I had this whole clever plan.

An app I'm building uses nested routes (e.g. /houses/1/rooms/2/cupboards/4).

I prefer that, it's logical, it's organised, and the user can see what's going on. They can also guess at and use the URL to find other items. They should be able to, that's the point.

Yes, I could show the user the same page with a URL of /cupboards/4 and calculate the rest, but it loses opportunities offered by established web practices.

So I use nested routes. They're good and worth the investment.

Finding Nested Items

So there's a problem with this. To show a list of cupboards, I have to calculate their paths every time so that I can provide links to them. If you want to see all yellow cupboards, then this could mean they're in all sorts of rooms and houses, so they must be calculated on the fly.

So I created this clever Wayfinder class that could be configured with a bunch of wayfinders (e.g. CupboardWayfinder), and had a map of object classes to wayfinder classes. It could then use the right wayfinder for an object to get its path. Still had all the expensive calculations, but now they're nicely abstracted. All I needed to do was build in a cache mechanism to the Wayfinder class and we're done.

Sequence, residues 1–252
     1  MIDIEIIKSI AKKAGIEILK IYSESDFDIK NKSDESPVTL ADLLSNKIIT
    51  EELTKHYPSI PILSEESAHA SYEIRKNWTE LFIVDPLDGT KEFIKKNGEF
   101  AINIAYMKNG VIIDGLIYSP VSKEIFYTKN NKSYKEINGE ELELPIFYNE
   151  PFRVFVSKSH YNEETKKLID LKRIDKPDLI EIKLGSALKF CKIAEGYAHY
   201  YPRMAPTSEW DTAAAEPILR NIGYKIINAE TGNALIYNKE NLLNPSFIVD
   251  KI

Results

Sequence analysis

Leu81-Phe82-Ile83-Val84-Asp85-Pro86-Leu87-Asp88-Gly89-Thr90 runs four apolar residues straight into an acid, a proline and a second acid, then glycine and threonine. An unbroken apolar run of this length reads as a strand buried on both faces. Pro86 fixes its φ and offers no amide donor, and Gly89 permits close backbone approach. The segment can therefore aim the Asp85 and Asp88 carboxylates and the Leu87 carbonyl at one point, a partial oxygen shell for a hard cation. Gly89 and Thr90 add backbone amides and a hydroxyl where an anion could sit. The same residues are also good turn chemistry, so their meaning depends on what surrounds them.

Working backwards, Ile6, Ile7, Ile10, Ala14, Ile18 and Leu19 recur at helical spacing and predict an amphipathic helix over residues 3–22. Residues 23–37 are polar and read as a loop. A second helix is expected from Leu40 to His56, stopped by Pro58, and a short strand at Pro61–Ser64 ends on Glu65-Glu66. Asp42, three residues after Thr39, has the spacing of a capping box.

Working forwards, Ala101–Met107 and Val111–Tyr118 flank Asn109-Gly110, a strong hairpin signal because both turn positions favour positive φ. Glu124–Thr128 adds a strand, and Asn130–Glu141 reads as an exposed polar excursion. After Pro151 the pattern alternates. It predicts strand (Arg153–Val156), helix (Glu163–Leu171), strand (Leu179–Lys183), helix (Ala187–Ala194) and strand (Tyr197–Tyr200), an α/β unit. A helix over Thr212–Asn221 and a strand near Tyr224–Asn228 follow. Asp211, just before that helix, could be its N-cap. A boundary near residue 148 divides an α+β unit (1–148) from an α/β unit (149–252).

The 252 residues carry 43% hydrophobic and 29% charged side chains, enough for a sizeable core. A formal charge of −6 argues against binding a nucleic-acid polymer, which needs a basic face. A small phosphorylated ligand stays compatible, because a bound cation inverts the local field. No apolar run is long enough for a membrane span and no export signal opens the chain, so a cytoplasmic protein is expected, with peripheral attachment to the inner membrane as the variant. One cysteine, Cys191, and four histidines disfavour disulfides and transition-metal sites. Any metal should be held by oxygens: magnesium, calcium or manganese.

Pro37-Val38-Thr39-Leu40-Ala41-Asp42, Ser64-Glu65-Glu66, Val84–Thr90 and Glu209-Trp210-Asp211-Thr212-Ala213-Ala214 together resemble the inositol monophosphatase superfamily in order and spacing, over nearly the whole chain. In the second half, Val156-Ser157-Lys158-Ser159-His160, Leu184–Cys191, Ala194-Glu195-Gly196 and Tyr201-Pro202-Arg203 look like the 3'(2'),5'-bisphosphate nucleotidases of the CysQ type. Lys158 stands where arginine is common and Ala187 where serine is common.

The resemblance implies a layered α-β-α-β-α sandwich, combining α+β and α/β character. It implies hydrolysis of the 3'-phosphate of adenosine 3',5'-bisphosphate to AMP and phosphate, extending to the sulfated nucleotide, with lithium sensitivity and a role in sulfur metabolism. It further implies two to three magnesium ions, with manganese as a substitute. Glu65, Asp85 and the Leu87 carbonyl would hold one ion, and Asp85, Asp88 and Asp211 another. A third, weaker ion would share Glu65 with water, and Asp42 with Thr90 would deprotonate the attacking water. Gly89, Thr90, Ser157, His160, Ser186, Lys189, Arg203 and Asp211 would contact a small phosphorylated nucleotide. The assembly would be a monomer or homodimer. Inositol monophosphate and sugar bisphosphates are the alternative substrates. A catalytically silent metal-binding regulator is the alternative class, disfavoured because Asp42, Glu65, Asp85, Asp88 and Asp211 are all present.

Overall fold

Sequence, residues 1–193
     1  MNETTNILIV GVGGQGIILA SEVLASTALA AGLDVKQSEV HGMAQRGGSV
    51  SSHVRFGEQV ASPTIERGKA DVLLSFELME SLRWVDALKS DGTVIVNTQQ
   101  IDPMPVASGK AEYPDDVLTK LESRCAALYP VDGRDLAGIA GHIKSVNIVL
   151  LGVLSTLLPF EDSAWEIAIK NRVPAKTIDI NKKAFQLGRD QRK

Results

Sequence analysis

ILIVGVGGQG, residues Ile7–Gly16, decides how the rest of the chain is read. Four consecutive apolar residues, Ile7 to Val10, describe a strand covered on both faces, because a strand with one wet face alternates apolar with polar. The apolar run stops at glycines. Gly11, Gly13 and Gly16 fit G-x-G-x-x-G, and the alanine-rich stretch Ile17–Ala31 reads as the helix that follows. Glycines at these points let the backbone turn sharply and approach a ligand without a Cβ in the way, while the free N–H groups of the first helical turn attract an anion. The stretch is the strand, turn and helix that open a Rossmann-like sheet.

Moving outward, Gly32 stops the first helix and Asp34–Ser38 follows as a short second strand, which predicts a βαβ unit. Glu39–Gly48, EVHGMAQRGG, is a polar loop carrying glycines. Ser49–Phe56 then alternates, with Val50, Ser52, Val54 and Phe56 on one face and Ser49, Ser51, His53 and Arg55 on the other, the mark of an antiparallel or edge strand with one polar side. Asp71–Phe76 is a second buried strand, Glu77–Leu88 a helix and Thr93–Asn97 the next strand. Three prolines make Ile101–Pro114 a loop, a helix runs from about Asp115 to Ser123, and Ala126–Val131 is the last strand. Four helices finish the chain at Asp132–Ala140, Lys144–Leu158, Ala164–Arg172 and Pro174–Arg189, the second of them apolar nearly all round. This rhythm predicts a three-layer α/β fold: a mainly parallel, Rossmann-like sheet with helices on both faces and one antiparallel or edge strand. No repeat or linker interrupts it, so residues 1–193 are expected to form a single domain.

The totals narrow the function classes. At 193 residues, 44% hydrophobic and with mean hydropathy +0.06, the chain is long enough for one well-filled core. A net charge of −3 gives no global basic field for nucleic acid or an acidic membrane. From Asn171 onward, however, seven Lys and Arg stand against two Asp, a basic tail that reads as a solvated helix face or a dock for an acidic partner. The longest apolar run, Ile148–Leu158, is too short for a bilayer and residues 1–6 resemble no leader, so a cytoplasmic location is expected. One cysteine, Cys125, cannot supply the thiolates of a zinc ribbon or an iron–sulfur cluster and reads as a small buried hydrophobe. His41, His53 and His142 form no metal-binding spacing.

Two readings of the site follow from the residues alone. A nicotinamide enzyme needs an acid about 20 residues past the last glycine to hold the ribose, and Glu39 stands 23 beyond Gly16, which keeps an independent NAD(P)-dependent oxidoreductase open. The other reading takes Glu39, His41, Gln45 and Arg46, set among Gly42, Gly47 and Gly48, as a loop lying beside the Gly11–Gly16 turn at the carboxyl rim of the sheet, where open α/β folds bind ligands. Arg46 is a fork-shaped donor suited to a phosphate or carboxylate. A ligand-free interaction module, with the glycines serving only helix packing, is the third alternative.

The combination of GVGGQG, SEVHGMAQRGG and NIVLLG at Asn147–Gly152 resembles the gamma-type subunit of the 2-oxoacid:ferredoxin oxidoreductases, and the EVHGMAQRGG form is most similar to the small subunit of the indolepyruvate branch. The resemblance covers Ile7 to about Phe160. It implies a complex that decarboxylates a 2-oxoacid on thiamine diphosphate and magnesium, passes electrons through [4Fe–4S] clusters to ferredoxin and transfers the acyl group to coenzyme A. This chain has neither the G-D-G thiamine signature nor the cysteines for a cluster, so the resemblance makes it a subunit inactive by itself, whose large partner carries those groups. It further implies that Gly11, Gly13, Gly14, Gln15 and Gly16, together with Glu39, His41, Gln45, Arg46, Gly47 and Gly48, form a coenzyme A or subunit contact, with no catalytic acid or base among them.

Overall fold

All very clever, and it worked.

But that's not the right way!

The whole point of using nested routes is that it leverages existing web practices more fully.

And today I realised I'd missed an opportunity. So I'll be refactoring around this today.

Instead of a clever wayfinder and a clever cache and all that clever (expensive, complex, breakable) stuff, I could use the web's power again.

So I'll create all links to an object by using a root locator, e.g. /cupbard/3, unless the controller/view happens to have the path information handy. Cheap, easy to calculate on the fly. Then, there will be a series of single-action controllers which will redirect you to the right nested path e.g. /houses/1/rooms/2/cupboards/3.

This will only be calculated when someone actually clicks the link (i.e. very infrequently compared to every time an item is listed), will not need caching, and will always redirect to the right place (even if the item has moved since).

Why did I not see this before?